Alfred Sisley
Alfred Sisley's Oil Paintings
Alfred Sisley Museum
1839 -- 1899. English Impressionist landscape painter.

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Alfred Sisley
Rast am Flubufer
1872 Oil on canvas 73 X 81 cm cjr
ID: 74954

Alfred Sisley Rast am Flubufer
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Alfred Sisley Rast am Flubufer


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Alfred Sisley

French 1839-1899 Alfred Sisley Galleries Alfred Sisley (October 30, 1839 ?C January 29, 1899) was an English Impressionist landscape painter who was born and spent most of his life in France. Sisley is recognized as perhaps the most consistent of the Impressionists, never deviating into figure painting or finding that the movement did not fulfill his artistic needs. Sisley was born in Paris to affluent English parents; William Sisley was in the silk business, and his mother Felicia Sell was a cultivated music connoisseur. At the age of 18, Sisley was sent to London to study for a career in business, but he abandoned it after four years and returned to Paris. Beginning in 1862 he studied at the atelier of Swiss artist Marc-Charles-Gabriel Gleyre, where he became acquainted with Fr??d??ric Bazille, Claude Monet, and Pierre-Auguste Renoir. Together they would paint landscapes en plein air (in the open air) in order to realistically capture the transient effects of sunlight. This approach, innovative at the time, resulted in paintings more colorful and more broadly painted than the public was accustomed to seeing. Consequently, Sisley and his friends initially had few opportunities to exhibit or sell their work. Unlike some of his fellow students who suffered financial hardships, Sisley received an allowance from his father??until 1870, after which time he became increasingly poor. Sisley's student works are lost. His earliest known work, Lane near a Small Town is believed to have been painted around 1864. His first landscape paintings are sombre, coloured with dark browns, greens, and pale blues. They were often executed at Marly and Saint-Cloud.  Related Paintings of Alfred Sisley :. | A Farmyard near Sablons | Dorf am Ufer der Seine | Platz in Argenteuil | Seine bei Saint Mammes | The Watering Place at Marly le Roi |
Related Artists:
Marcus Gheeraertz the Younger
painted Robert Devereaux, Earl of Essex in 1596
Carel de Moor
(February 25, 1655 - February 16, 1738) was a Dutch Golden Age etcher and painter. He was a pupil of Gerard Dou. Carel de Moor was born in Leiden. According to Houbraken, his father was an art dealer who wanted him to study languages and only allowed him to study art when his talent for drawing surfaced at a young age. Houbraken met him in person at the atelier of Godfried Schalcken when he was completing his education there. According to the RKD he was the son of a Leiden painter of the same name and a pupil of Dou, Frans van Mieris, Godfried Schalcken, and Abraham van den Tempel. He became a member of the Leiden Guild of St. Luke in 1683, and became deacon many times over in the years 1688-1711. His own pupils later were Pieter Lyonet, Andrei Matveev, Arent Pijl, Arnout Rentinck, and Mattheus Verheyden.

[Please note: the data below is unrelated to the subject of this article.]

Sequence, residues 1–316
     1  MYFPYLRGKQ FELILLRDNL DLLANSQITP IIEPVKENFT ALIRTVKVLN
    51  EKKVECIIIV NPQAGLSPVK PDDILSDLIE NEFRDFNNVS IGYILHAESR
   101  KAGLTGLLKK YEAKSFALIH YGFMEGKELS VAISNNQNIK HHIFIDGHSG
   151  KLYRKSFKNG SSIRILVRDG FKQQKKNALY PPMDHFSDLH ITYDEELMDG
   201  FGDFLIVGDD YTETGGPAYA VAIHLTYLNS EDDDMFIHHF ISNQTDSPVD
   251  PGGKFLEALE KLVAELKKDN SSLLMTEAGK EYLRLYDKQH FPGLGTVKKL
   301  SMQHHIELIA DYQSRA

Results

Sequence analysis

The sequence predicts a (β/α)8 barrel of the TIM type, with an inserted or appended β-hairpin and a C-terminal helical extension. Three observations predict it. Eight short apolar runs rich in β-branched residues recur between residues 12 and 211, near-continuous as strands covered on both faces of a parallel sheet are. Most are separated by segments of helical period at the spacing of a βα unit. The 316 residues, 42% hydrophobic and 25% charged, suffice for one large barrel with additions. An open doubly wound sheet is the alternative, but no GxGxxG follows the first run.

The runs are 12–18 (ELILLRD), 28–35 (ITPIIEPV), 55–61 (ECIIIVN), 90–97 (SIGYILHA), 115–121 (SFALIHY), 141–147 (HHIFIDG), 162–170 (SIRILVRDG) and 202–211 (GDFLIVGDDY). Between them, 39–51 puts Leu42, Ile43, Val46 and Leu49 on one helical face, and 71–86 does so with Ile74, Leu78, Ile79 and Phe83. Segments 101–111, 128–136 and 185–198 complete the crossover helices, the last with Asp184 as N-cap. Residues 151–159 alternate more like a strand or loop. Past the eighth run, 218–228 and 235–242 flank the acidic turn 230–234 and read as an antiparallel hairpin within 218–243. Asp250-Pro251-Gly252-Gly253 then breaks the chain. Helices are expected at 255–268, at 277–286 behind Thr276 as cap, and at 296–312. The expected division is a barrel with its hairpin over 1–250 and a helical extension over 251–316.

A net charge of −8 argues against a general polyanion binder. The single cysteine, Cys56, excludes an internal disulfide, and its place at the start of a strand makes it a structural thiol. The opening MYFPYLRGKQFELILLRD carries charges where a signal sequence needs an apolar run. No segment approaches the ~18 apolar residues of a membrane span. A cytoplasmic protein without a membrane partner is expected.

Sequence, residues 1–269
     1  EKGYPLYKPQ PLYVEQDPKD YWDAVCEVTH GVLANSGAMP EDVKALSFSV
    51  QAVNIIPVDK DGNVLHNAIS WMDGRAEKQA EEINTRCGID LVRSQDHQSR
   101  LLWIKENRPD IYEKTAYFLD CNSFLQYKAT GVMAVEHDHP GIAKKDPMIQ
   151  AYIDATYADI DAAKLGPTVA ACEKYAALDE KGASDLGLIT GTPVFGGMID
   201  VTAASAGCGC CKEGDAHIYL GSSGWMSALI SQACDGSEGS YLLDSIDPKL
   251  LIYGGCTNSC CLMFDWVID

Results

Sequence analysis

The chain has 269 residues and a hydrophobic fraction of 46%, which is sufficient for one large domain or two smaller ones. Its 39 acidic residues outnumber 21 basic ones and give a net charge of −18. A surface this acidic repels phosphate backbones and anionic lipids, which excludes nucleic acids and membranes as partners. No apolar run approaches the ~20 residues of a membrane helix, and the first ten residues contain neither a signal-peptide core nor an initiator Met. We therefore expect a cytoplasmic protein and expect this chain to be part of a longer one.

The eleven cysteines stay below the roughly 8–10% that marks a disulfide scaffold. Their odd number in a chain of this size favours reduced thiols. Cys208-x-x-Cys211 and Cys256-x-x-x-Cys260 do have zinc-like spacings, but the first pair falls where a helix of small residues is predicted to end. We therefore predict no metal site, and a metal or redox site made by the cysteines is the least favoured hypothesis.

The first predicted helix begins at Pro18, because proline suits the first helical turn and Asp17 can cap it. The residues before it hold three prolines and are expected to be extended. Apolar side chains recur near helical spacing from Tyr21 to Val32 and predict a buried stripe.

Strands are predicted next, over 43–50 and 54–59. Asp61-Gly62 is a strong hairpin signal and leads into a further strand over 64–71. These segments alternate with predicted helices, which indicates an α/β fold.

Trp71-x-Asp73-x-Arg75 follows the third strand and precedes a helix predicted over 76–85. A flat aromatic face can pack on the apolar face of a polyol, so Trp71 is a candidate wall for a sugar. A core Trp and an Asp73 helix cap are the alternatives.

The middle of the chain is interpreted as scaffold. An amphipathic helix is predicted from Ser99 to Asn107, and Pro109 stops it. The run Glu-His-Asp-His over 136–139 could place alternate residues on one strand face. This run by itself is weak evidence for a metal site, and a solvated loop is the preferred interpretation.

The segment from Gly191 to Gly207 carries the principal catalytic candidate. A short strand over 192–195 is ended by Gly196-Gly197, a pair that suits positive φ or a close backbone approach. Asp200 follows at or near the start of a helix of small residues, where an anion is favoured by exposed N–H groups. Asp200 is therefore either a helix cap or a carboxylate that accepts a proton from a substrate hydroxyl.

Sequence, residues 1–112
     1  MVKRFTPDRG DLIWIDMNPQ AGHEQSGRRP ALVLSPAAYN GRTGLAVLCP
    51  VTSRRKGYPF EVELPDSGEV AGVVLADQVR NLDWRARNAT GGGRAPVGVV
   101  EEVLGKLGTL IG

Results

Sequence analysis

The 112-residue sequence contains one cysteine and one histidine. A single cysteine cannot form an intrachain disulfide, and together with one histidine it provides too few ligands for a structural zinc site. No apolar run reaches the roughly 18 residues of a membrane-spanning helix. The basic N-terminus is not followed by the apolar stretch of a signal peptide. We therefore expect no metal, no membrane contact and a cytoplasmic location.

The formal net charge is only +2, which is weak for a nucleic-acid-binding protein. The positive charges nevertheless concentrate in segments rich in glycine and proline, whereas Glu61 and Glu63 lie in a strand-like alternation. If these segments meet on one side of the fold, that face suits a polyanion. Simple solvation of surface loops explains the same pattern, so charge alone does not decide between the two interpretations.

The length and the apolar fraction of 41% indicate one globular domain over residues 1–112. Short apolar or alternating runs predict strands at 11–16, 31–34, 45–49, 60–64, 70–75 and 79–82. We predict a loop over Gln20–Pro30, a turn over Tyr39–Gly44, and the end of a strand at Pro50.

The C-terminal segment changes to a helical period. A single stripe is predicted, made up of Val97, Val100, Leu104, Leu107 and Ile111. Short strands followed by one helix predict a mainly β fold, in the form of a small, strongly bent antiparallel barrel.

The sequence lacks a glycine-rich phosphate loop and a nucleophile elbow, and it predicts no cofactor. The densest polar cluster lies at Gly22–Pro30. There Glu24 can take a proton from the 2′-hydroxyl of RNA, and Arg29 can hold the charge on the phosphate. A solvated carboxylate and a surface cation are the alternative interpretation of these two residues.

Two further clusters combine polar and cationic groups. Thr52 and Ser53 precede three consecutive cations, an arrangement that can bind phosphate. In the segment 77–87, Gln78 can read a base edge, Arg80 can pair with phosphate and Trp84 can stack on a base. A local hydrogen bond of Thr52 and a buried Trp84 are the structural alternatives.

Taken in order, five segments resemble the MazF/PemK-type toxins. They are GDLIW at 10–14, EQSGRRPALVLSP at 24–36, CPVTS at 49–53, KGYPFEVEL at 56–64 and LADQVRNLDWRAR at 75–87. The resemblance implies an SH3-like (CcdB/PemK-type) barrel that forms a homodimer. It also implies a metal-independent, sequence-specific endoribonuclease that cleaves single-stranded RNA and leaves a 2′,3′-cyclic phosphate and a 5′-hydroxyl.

Jacob Ferdinand Voet
(c. 1639 - c. 1689/1700) was a Flemish Baroque portrait painter. According to the Netherlands Institute for Art History (RKD) he was born at Antwerp as the son of the painter Elias Voet.[1] He travelled to Rome in 1679-1680, Milan in 1680, Florence in 1681, Turin in 1682-1684, and returned to Antwerp in 1684. While in Rome he lived with the painter-engraver Cornelis Bloemaert until he was banned for his portraits of women portrayed with unseemly decollet, whereupon they left Rome together. He undertook a journey to Paris in 1686 where he became court painter until he died there.He is registered as a painter of miniature portraits. According to Houbraken, he made his return journey to Antwerp from Turin in the company of Jan van Bunnik, who he had already met in Rome in the company of Cornelis Bloemaert. From Turin they set out for Lyons, where they met Adriaen van der Cabel, Peter van Bloemen, and Gillis Wenix. They set off for Paris in the company of a third painter who was a good painter of "bataljes" or battle scenes. Houbraken reports that this was Jacob, Jan van Bunnik's brother, but had not mentioned him earlier in his Jan van Bunnik biography. The RKD makes no mention of a Jacob van Bunnik.






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